Financial Daily from THE HINDU group of publications
Wednesday, May 01, 2002
Markets - Mutual Funds
UTI redeems MIP '97 at Rs 10 per unit -- Shortfall made good from Reserve Fund
MUMBAI, April 30
UNIT Trust of India (UTI) has redeemed its Monthly Income Plan '97, which matured on Tuesday, at the assured rate of Rs 10 per unit.
The country's largest mutual fund is expected to begin despatching redemption cheques to investors in about 10 days time after internal clearances are through. The scheme has about 3.5 lakh investors.
According to UTI sources, the mutual fund would pay Rs 10 per unit as promised to investors by dipping into reserves.
The exact shortfall in the scheme could not be ascertained. The fund would make good the shortfall from the Development Reserve Fund (DRF) corpus, which is currently around Rs 1,500 crore.
UTI had sought permission of the capital markets regulator, Securities and Exchange Board of India (SEBI), to roll over the scheme with certain changes. The regulator, however, did not allow it and, last week, asked UTI to redeem the scheme at the assured price.
Though the fund is understood to have liquidated the assets of the scheme, the realisations could not be gathered. In early April, the asset base of the scheme stood a little over Rs 1,100 crore against the unit capital of Rs 1,600 crore.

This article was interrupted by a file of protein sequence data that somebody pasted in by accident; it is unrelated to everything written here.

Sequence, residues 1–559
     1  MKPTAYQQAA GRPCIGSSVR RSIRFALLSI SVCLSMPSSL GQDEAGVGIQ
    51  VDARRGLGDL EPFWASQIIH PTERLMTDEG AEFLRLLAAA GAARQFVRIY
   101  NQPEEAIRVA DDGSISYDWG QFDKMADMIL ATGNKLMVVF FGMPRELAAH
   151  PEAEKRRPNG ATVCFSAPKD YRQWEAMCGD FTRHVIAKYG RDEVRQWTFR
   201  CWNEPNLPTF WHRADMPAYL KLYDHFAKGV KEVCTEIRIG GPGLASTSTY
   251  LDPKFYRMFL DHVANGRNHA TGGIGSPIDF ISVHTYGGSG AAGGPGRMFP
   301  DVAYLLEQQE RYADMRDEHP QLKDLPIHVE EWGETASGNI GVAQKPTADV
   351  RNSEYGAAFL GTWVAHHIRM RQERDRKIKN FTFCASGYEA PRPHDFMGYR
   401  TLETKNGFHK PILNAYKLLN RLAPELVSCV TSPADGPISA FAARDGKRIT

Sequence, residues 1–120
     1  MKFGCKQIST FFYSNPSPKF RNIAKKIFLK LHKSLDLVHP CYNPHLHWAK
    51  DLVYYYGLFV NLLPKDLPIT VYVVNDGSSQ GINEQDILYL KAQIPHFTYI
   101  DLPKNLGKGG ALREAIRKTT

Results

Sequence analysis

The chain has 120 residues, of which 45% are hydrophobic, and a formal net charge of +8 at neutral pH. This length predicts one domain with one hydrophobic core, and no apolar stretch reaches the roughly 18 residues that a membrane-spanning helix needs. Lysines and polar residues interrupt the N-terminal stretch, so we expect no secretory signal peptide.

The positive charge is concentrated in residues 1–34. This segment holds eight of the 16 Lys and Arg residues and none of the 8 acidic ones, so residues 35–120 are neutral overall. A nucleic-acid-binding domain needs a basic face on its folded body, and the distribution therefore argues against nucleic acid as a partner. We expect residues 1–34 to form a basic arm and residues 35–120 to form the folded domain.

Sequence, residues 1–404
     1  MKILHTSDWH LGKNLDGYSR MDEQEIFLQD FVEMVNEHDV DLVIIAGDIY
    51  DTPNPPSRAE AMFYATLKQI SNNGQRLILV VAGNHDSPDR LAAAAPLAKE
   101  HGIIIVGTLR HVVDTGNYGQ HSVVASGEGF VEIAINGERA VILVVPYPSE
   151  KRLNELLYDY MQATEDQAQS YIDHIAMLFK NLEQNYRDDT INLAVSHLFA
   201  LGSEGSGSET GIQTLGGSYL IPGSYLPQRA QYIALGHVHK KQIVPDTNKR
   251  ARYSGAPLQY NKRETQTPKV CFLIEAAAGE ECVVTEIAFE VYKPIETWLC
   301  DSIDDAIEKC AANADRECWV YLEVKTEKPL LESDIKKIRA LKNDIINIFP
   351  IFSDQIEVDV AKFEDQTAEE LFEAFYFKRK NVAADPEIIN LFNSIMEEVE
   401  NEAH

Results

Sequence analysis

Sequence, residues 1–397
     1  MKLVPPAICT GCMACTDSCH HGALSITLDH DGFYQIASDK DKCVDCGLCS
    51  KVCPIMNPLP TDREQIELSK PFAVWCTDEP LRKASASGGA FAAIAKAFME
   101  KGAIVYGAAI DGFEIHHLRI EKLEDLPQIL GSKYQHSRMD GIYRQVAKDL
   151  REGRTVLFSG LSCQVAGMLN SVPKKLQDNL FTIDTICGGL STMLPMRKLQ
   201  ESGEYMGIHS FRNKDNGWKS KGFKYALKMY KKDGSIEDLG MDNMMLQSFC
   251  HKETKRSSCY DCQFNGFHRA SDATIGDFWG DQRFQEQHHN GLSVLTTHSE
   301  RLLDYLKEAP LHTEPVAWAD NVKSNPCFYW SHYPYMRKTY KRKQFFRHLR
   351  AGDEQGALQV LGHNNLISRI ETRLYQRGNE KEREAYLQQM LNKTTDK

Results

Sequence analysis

UTI had given investors of MIP '97 the option to shift to its other schemes. The sources said several investors had opted for the UTI Bond Fund, which offers good returns as well as safety. It is also SEBI-compliant.
Though the fund will be able to meet the shortfall in MIP '97 by dipping into the DRF this time, it would have to raise resources to redeem other schemes that mature this year.
The issue of UTI's initial sponsors - IDBI, LIC, SBI, RBI, and Syndicate Bank - helping it bridge the gap in the schemes is still hanging fire with the institutions strongly refusing to bail out the country's largest fund.
The issue has been left to SEBI to decide after being "examined'' by the Finance Ministry, which ruled out a Government bail-out. The regulator, has, for the time being at least, favoured the "sponsors'' and asked UTI to fend for itself.
MIPs are close-ended schemes with assured returns which are reset every year and the capital is assured on maturity. The plans have a three-year lock-in period and are exempt from capital gains and wealth tax.
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